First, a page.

Wednesday, June 4, 2014

2014 Draft, Player of Interest: Matt Chapman, 3b

Matt Chapman, 3b
Cal State Fullerton
HT: 6-2 WT: 215
DOB: 4/28/1993 (21)
B/T: R/R

The Reds have needs in every area of the farm system, but one asset they never seem to have enough of is professional hitters. As of late, the MLB team seem to give away far too many ABs. They never seem to have enough hitters who can grind ABs to gain count-leverage, rather than just flail away at whatever a pitcher flings up there.

Perhaps more than any attribute, a disciplined approach has to be drafted, rather than developed. Minor league hitters can make incremental improvements in approach, but, by and large, a hitter's approach is unchangeable.

That said, placing a slighter greater emphasis on drafting hitters who utilize a disciplined approach might be a wise move for the organization.

All of that leads us to Cal State Fullerton third baseman Matt Chapman. Chapman isn't in the top tier of draft-eligible prospects, Baseball America rates him as the 64th best draft prospect, but he offers up a nice blend of tools and skills.

Here is how he performed in his three years at Fullerton:

2012: .286/.340/.370 with 2 homers and a 29/12 K/BB ratio in 189 ABs
2013: .285/.415/.457 with 5 homers and a 29/34 K/BB ratio in 186 ABs
2014: .312/.412/.498 with 6 homers and a 26/27 K/BB ratio in 205 ABs

Chapman has been improving each season and is now showing a solid, though inconsistent, hit tool and the ability to control the strike zone. Chapman walks as much, if not more, than he whiffs, which speaks to strong plate discipline, pitch recognition, and contact ability. In addition, his power has been trending upwards. Overall, he provided a solid baseline of performance in his collegiate career, but he needs to continue to refine his hit tool to make hard contact more consistently.

Chapman's best tool is undoubtedly his arm, as, despite not pitching during his collegiate career, he has cranked his fastball up to 98 mph. Obviously, that arm strength will increase the number of plays he can convert into outs at the hot corner, but it might also make pitching a fallback option if he doesn't develop as a position player. It certainly worked for the A's and Sean Doolittle, so it might be a way to mitigate development risk.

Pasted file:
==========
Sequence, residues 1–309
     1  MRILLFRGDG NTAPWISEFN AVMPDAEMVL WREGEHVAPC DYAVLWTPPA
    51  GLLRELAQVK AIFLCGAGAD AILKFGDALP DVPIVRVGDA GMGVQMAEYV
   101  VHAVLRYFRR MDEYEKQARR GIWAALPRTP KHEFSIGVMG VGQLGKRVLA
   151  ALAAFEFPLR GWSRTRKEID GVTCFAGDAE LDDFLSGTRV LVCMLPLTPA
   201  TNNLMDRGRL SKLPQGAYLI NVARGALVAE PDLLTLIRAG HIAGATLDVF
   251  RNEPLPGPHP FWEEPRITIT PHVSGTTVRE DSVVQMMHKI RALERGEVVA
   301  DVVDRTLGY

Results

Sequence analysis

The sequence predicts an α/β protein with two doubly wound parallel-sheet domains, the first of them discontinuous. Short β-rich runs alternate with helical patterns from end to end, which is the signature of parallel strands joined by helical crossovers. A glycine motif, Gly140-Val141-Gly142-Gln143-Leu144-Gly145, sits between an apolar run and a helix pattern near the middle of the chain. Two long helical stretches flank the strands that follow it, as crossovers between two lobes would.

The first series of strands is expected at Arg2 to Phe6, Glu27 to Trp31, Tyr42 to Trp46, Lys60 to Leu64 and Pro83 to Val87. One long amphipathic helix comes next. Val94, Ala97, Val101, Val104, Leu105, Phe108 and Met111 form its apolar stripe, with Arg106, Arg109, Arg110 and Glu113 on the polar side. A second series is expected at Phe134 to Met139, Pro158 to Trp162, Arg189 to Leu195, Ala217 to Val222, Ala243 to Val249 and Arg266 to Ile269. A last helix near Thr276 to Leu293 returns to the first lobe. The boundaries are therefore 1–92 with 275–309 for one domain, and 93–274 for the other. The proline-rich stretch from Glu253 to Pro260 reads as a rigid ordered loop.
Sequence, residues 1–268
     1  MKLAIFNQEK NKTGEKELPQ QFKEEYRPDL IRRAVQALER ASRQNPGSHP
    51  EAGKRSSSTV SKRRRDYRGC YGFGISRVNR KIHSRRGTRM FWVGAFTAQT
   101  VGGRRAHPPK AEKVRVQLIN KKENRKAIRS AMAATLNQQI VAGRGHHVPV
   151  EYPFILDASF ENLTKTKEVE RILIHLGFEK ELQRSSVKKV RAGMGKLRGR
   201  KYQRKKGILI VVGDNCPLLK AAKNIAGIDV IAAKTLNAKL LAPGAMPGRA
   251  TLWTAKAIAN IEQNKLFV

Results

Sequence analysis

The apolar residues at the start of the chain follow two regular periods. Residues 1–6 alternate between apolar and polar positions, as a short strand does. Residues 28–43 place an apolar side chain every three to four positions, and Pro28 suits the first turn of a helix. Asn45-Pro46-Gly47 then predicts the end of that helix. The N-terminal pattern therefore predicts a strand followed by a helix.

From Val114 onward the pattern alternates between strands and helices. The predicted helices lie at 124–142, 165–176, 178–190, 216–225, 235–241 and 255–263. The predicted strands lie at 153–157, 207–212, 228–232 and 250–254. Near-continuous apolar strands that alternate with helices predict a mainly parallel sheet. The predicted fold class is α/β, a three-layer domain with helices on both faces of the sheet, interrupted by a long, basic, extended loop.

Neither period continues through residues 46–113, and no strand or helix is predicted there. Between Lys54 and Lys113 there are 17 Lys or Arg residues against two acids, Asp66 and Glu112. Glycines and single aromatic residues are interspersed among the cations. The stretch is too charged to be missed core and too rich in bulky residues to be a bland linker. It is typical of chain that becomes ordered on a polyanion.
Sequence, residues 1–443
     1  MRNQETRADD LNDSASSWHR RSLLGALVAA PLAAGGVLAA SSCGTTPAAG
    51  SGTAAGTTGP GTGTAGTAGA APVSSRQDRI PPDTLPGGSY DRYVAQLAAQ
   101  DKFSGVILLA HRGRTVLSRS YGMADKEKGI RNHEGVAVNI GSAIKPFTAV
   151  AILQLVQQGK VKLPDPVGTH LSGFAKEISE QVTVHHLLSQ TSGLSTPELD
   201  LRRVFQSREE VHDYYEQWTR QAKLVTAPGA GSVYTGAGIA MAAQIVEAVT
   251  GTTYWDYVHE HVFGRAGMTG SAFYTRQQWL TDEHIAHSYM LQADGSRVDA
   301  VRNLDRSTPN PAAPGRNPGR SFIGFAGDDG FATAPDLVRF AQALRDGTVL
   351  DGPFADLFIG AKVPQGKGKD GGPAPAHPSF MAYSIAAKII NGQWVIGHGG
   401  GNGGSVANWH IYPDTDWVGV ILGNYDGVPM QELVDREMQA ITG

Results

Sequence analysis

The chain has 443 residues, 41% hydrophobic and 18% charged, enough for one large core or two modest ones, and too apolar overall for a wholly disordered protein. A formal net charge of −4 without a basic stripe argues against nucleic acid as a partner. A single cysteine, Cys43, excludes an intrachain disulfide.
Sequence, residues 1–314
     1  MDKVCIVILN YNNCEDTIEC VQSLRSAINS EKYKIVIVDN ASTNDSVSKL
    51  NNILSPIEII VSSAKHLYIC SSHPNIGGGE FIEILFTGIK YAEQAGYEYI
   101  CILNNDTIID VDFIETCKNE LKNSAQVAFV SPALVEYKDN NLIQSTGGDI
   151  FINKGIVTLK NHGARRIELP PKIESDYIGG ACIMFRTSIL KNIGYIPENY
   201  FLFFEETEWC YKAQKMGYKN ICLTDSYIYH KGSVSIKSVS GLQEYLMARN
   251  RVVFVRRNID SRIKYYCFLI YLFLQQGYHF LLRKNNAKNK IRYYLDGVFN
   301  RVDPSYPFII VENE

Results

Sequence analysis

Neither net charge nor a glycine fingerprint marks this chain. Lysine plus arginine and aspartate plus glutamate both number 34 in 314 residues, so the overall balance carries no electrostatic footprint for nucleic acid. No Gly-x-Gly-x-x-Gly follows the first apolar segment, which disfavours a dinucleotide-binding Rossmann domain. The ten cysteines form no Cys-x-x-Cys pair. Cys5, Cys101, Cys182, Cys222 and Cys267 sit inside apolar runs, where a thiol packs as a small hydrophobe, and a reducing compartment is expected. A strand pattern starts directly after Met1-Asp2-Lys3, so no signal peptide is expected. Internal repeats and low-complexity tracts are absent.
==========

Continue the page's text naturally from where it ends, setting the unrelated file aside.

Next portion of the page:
In addition to his arm strength, Chapman is a good overall defender. First, he is technically sound, as evidenced by the first few groundballs he takes at the hot corner in the below video (~ 0:20 mark). He is setting up to field the ball with his right foot in front and his left foot slightly behind, which opens up his body for the throw to second base. If you compare that technique to the technique he uses on groundballs (i.e. around the 5:05 mark) when he is throwing to home or first, then you can see that his feet get more square when he's coming home or to first. He obviously understands the nuances of the position and is willing to put in the work to master them.

Here's the video clip, which is great, courtesy of Moore Sports Media on YouTube:

In addition to his good technique, you can also see that Chapman moves well. He has good agility and footwork, which enables him to get his body into proper position to field the ball, which he does with soft hands and smooth fielding actions.

At the plate, Chapman uses a slightly wider than shoulder-width stance and a short stride to transfer his weight. His pre-pitch approach is quiet with a small bat waggle. As for the swing itself, he checks a lot of the boxes you want to see. He gets the back elbow in close to the back hip, fires the hips, and firms up the front side. So, there's a nice foundation there.

His swing does seem a bit stiff and at times feels top-hand heavy. That gives his swing a bit of "push" to it and occasionally looks like he's trying to muscle the ball with his upper body rather than let the core provide the power to whip the bat through the zone. And, the heavier use of the top hand also helps explain his more line-drive oriented swing. Finally, his bat speed seems more solid/average than plus. So, there is some risk to his hitting and his hit tool.

Here's a better look at Chapman at the plate in game action, courtesy of CollegeBaseballBlog on YouTube:

Overall, Chapman is an intriguing prospect who provides a nice blend of tools and skills, takes disciplined ABs, and provides plus defense at the hot corner. Further, scouts describe him as hard nosed with a blue-collar mentality, so he's likely to get the most out of his abilities.

The Reds have a lot of needs down on the farm, but Chapman would bolster the position player ranks and potentially provide a much needed homegrown "professional hitter". There is some risk in his hit tool, but it's probably manageable given that he's not coming off the board in the first round. Ultimately, his power production will probably determine whether he develops into a true impact hitter, but his diversified skill set could make him a valuable player even without much power. He's worth a look.

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